It seems that Matthew, Mark and Luke do not even try to explain what happened, so enormous, so terrible is the event hidden behind it. While we must honour their silence we can, from other Scriptures, mention two things about the darkness:
In the Scriptures darkness is a symbol of God’s judgement [Isaiah 5:30; Amos 5:18,20; 8:9; Zephaniah 1:14]. The judgement of God that was due to us, fell upon Jesus Christ. [This is evident in his cry of dereliction recorded in Mark 15:34.]
On the cross Jesus triumphed over Satan, the prince of darkness [read John 14:30 and Luke 22:53; Colossians 2:15; Revelation 5:5], liberating us from his dominion and authority [Colossians 1:13], rescuing us from the darkness. We are given no details of this encounter.
Throughout the Old Testament, and even in the New, there is a strange synergy between creation and man. When man sins creation suffers. When man sins creation is called upon to be horrified at such rebellion. When man is saved, creation is called upon to rejoice. Even now, as Paul states in Romans 8, creation is in agony, waiting for the final redemption of the sons of God. It is not surprising then, that here for these three hours, when the spotless Son of Man bore our sins, and God’s judgement on our sins, in his body on the cross, creation bears witness to this horrific event. The heavens darken. The earth shakes. What is surprising is that that is all that happened.
But there is still more to be said about the response of the created world to this unique and horrendous event: He in whose face the light of the knowledge of the glory of God shone [2Corinthians 4:6], he who is the out-shining of the Father’s glory [Hebrews 1:3], he who is the image of the invisible God [Colossians 1:15], he whom to see is to see God [John 12:45], is here made to be sin [2Corinthians 5:21]. Here life takes on death. Here good takes on evil. Here light takes on darkness. Here the holy God takes on human sin. Isaac Watts responded to this incredible fact with the words:
‘Well might the sun in darkness hide,
and shut its glories in,
when God, the mighty maker, died
for his own creature's sin.’
These words that Jesus cried out from the cross are from Psalm 22:1. Some scholars suggest that Jesus was meditating on, or reciting, this Psalm while he suffered. This is entirely probable given the many links between that Psalm and the circumstances of the crucifixion. Here in this cry we are given a brief glimpse into the emotional, mental and spiritual suffering experienced by Jesus as he bore our sin.
Task #5: Check these Scriptures.
What insight do they give into the feeling of abandonment by God that Jesus felt when our sin was upon him?
This is the ‘cup’ that Jesus shrank from just a few hours earlier in Gethsemane. But it is also the cup to which he was committed: ‘Put your sword away! Shall I not drink the cup the Father has given me?’ [John 18:11]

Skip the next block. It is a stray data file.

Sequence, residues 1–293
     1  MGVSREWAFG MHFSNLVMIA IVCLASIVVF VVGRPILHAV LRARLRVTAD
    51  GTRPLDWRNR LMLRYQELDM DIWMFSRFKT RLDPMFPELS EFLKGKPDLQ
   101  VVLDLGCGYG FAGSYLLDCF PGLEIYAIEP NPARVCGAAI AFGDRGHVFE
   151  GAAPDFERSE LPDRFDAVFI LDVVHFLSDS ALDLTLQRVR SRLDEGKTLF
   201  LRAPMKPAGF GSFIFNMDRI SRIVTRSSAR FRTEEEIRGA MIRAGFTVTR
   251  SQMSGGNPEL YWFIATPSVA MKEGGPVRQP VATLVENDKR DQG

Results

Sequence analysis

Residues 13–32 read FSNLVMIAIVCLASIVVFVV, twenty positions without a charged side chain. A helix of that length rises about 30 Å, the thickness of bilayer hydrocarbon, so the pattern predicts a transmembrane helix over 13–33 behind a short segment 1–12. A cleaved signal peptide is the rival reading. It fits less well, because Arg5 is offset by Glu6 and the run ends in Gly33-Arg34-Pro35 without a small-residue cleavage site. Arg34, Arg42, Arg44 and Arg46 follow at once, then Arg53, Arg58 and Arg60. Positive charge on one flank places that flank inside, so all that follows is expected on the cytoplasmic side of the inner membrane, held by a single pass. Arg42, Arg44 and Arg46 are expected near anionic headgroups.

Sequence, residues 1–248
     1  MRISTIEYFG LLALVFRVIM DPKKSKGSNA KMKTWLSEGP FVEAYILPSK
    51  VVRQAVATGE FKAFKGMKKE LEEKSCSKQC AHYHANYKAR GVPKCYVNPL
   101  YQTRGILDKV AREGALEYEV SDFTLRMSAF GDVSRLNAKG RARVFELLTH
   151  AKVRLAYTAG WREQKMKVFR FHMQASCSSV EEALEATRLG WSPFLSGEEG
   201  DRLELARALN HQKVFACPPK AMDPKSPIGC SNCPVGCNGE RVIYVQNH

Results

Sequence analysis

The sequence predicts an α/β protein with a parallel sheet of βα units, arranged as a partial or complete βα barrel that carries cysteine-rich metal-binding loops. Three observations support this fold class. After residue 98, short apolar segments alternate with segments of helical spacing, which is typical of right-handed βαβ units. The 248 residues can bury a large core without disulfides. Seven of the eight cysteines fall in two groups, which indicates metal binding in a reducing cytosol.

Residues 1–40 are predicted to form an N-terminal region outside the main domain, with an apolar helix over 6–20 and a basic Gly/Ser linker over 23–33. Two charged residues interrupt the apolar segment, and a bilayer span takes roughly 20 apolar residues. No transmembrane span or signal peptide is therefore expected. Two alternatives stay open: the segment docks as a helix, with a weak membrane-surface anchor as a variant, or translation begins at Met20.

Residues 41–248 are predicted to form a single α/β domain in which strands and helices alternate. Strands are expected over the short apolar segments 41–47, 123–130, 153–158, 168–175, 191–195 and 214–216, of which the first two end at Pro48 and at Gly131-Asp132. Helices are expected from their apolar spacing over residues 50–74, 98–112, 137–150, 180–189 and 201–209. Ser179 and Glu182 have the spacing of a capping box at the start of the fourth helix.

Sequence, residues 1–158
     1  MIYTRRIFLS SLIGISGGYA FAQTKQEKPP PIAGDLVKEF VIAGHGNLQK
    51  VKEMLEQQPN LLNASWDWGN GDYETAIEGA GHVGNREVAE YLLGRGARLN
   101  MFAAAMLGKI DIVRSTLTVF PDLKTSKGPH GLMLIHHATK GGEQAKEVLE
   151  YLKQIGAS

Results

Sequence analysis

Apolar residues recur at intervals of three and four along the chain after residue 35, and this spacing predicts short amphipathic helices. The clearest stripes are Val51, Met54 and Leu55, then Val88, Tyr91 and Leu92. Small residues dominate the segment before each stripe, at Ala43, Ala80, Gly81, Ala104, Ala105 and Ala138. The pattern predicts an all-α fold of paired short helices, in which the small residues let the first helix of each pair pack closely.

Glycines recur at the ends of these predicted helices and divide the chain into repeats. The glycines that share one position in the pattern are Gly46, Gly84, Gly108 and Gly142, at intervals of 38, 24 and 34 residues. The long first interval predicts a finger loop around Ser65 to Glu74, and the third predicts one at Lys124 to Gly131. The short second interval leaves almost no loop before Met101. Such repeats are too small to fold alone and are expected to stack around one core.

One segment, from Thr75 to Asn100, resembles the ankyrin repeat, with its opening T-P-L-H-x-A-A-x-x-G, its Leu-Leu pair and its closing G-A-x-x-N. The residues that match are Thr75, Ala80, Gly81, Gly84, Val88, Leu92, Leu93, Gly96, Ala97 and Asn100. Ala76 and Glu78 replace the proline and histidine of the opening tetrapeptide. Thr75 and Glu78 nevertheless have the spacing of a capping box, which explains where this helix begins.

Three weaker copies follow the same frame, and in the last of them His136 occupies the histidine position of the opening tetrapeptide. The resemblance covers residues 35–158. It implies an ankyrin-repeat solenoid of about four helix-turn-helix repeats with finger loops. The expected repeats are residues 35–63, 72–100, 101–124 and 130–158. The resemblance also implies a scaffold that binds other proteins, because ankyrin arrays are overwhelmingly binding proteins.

The full weight of our sin was upon Jesus: its guilt, its accusations, its condemnation, its penalty, the wrath of God it attracts, its judgement, the alienation and separation from God it entails, the banishment from God’s presence it causes, the great unpassable chasm it creates, the separation from light that is unavoidable when God who is light has turned his back. And here we come to another level of the darkness – the deep, personal darkness felt by the Christ as he bore our sin, when God meted out to him all that our sin deserved.
As we read the Gospel records we realise that Jesus deliberately died. Death did not overtake him, as it does us. His words in John 10:17,18 are instructive: ‘… I lay down my life … No one takes it from me, but I lay it down of my own accord.’ John reports the moment of Jesus’ death with ‘… he bowed his head and gave up his spirit’ [John 19:30], Mark writes simply ‘he breathed his last’.
Mark tells us nothing of the reaction of the chief priests and teachers of the law. Maybe they have all by this time gone about their business. But Mark does tell us of one who observed and drew his own conclusion from what he observed. When the Roman centurion heard Jesus’ cry and saw how he died, he said: ‘Surely, this man was the Son of God’.
The temple curtain
This curtain separated the Most Holy Place from the Holy Place. The Most Holy Place represented the presence of God, from which we humans are banned by our sin. On this very thick, seventy feet tall curtain, there were embroidered golden cherubim [Exodus 26:31-33]. The first place we come upon cherubim in the Bible is in Genesis 3:24, where they are placed by God on the east side of the Garden of Eden, barring human access to the Tree of Life. On the temple curtain, they bar the way into the symbolic presence of God.
But now, at the very moment Jesus dies, that prohibitive curtain is ripped away. The separation that sin has caused between man and God has been removed. Now, through the blood of Jesus permanent, present access to God is restored.
Task #6: What do these Scriptures teach about this restored access to God?
B.3 The burial – Mark 15:42-47
Task #7: Answer these questions
 What did each of these people do or say?
Joseph of Arimathea:
The two Marys:
 Suggest what motivated Joseph of Arimathea.
C. THE RESURRECTION – Mark 16:1-8
Yet again Mark is very brief, omitting much of the detail contained in the other gospels.
Task #8: Answer these questions:
 Why did the women go to the tomb?
 Were they expecting the resurrection?
 Describe their reaction when they saw the young man.
 Describe their reaction when he told them Jesus was risen.
[Note on 16:9-20: